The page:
© 2023 Milwaukee Public Media is a service of UW-Milwaukee's College of Letters & Science
Play Live Radio
Next Up:
0:00 0:00
Available On Air Stations

Reaction to Supreme Court's Decision to Consider Wisconsin Gerrymandering Case

Zach Gibson/Getty Images
Morning light shines outside The United States Supreme Court building.

The political maps the state's Republican lawmakers drew in 2011 are headed to the nation's highest court. The U.S. Supreme Court announced Monday that it will consider Wisconsin's redistricting lawsuit.

At the heart of the legal challenge is whether the new Assembly boundaries that Republicans shaped create districts that are too partisan. Democrats accuse republicans of gerrymandering -- drawing the lines in such a manner that makes it nearly impossible for Democrats to win.

Those who sued say the Assembly maps are unconstitutional, because they deny Democratic voters' say in elections. Republicans disagree. They say the maps reflect the population: districts are mainly blue, or Democratic, in urban areas, while districts elsewhere are mainly red, or Republican.

The Republicans add that the party in power typically creates districts that favor that party, and say Democrats have done the same thing in the past.

The arguments over the maps have been heated for the last six years.

Now that the case is in the hands of the U.S. Supreme Court, state Attorney General Brad Schimelsays he's thrilled. He was unhappy with a lower court's ruling, which declared the maps unconstitutional. Schimel urged the Supreme Court to consider the matter. He says the redistricting process was "entirely lawful and constitutional." The two top Republicans in the Legislature, Senate Majority Leader Scott Fitzgerald and Assembly Speaker Robin Vos, say they're confident the Supreme Court will affirm the GOP maps.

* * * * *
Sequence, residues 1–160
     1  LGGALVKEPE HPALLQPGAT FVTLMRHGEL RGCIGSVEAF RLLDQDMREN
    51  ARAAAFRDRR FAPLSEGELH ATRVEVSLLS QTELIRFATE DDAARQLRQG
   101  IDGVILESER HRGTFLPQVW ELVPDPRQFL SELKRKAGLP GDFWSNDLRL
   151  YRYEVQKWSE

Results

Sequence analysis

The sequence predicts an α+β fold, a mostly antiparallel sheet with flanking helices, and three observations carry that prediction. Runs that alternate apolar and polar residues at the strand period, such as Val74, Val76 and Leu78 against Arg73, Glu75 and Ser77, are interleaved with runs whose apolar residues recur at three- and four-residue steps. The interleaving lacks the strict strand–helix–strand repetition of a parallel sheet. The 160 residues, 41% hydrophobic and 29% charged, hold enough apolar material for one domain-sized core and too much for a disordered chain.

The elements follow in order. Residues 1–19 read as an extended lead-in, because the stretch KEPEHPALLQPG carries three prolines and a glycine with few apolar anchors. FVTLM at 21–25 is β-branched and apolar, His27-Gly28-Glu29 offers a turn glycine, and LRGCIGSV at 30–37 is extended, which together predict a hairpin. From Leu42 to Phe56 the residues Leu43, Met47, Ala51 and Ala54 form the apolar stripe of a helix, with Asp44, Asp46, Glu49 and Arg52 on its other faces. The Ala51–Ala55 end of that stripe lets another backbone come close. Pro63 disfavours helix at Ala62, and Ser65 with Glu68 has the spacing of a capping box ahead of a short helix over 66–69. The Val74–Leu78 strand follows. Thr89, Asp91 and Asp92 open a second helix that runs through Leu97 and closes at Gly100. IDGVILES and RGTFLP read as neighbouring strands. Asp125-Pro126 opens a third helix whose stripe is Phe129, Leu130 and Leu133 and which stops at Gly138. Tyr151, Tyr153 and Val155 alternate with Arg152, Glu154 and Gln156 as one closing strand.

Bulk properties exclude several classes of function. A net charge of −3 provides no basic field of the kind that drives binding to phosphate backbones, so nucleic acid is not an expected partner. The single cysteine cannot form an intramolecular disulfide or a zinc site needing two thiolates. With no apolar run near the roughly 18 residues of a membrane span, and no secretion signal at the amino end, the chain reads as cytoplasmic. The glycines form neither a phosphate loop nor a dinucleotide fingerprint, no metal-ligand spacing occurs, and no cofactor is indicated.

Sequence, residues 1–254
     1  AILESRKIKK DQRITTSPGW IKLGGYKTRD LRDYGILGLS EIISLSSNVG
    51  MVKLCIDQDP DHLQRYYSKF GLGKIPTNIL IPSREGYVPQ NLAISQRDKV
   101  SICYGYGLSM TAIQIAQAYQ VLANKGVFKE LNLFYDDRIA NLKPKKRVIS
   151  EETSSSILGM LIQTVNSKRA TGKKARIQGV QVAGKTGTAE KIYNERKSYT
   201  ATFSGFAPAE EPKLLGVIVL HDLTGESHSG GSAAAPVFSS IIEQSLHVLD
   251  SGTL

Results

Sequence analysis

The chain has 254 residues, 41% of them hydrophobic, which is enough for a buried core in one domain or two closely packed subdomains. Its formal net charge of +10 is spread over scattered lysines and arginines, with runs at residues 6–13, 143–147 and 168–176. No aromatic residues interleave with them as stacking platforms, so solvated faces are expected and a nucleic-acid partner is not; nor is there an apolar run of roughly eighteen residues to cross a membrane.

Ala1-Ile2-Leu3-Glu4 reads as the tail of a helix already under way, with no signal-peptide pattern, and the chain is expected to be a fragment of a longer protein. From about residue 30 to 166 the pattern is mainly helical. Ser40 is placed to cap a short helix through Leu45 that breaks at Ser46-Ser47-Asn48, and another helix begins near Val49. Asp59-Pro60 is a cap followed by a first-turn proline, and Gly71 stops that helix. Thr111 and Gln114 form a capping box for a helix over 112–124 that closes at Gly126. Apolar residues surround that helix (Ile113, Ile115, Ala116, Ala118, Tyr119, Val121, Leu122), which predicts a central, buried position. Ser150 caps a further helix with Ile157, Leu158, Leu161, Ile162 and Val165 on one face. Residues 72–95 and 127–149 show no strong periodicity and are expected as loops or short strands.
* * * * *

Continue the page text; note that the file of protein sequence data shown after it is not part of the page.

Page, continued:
The Wisconsin Institute for Law & Liberty's Rick Esenberg agrees. WILL released this statement:

In this case, what the plaintiffs have effectively asked the Court to do is gerrymander in favor of competitiveness, that is, to draw maps that compensate for the fact that Democrat voters tend to be more geographically concentrated. That’s a political judgment the Court has repeatedly recognized as nonjusticiable.

On the other side, Democrat Peter Barca wants a different outcome. The Assembly Minority Leader says if the Supreme Court agrees with the lower court that Wisconsin's maps are unconstitutional, the justices' decision will "end the terrible polarization we see in both Wisconsin and across America.'' And Sachin Chedda of theFair Elections Project, which fought the state's maps in court, says he's confident the high court will affirm the lower court ruling.

Citizen Action of Wisconsin releaseda statementcalling for "a nonpartisan redistricting process." Organizer Anna Dvorak says:

A nonpartisan redistricting process is not only fair and impartial, it also would cost taxpayers far less than than the two million tax dollars and counting used to draw and defend the current maps. Legislators should hold a public hearing on the bills so that voters can learn the truth.

The high court's ruling in Wisconsin's case could affect other states, if lawmakers there are accused of creating maps that are "too partisan." Because of that, a lot of people will be watching the outcome. In addition, the case is getting attention because in recent years the court has considered racial inequities in political maps -- but not the issue of how much partisan gerrymandering is reasonable.

The Supreme Court is expected to take up the case in the fall and most likely won't rule before early next year. The timing creates a mystery as to what maps will be in place for the 2018 elections. Last fall, the lower court ordered the Legislature to redraw its maps. But the Supreme Court on Monday said the 2011 Republican maps should stay in place while the court considers the case. 

Ann-Elise Henzl became News Director in September 2017.
Related Content